New symptom? Bring it on. Teach me how to respond to it, manage it, beat it and be stronger. It is not easy. But it is my disease, my condition and it is my job to do as much as I can about it for as long as I can……which I plan on doing for a very long time.

Participate. Make a difference. Live a life that matters.

This concludes the 20th edition of the Carnival.

The next Carnival of MS Bloggers will be hosted here on October 9, 2008. Please remember to submit a post (via email) from your blog of which you are particularly proud, or which you simply want to share, by noon on Tuesday, October 7, 2008.

Thank you.
Comments for this post.


  1. Fabulous capture for the Carnival! I have been reading Jeri for quite some time now, and I ALWAYS leave her blog feeling better...ah yes, TWISTED, but better! I'll be sure and check out Michael as well...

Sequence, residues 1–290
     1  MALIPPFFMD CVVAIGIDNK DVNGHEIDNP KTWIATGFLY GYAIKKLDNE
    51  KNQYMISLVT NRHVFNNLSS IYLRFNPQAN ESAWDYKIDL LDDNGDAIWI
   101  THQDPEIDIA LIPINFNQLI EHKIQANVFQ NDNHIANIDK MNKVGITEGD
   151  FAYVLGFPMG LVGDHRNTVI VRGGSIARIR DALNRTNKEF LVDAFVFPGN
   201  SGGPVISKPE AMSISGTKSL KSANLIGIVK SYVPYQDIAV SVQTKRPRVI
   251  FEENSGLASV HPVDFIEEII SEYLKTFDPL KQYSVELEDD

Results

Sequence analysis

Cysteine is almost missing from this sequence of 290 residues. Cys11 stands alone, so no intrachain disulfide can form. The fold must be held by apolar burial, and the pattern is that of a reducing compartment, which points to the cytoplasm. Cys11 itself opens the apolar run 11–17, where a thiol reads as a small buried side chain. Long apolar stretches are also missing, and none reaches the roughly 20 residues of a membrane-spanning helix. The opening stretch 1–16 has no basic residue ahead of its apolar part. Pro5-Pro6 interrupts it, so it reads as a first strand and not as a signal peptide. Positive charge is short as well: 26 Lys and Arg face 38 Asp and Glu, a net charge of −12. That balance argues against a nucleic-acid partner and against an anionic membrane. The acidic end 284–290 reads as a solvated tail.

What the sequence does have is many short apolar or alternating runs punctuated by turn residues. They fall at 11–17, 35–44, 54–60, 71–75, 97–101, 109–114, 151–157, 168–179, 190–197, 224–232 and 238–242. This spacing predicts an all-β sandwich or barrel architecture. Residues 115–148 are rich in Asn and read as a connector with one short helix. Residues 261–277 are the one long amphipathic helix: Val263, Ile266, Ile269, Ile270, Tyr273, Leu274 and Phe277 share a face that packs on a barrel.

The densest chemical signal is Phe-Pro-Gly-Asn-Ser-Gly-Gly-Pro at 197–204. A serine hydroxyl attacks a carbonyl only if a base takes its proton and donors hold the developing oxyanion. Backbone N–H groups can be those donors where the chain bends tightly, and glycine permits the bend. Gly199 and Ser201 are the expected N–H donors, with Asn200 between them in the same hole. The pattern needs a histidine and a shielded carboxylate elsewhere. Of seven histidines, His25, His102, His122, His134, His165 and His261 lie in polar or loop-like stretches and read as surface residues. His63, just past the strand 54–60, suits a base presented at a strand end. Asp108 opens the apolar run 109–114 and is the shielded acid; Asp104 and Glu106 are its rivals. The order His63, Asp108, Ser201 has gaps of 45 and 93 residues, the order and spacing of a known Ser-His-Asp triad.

Linda D. in Seattle

  2. ROFL didn't know I was being quoted in "The Invincibility Edition". My post needs some sort of disclaimer about not trying this at home or something.

    It's been a week today and I'm still black and blue...but I now have a spare key. It's hidden just over the fence. (NOT!)

    Thanks for sharing my story. :-)


  3. Thank you for continuing to put the carnival out gives us all a chance to meet new people.

  4. I actually laughed like a moron reading the first submission. That poor woman and the bra and the fence. I should copy that and print that out because that has been the one thing that has brought me out of my funk for a long time.

    I bet my neighbors must have thought I was out of my mind because I'd laugh and then stop, read more, and laugh again.

    Thanks Lisa,

  5. Thank you all so much. I love getting the comments and am glad that you enjoy the Carnival. Of course, everybody is welcome to send stuff for the next one.

    (Jeri, I know you didn't exactly send this my way, but it was simply too good not to share.)

  6. Applause! Applause! Applause! Living with MS so needs a laugh. I cannot wait to read this to my wife. Thank You!

    Caregivingly Yours, Patrick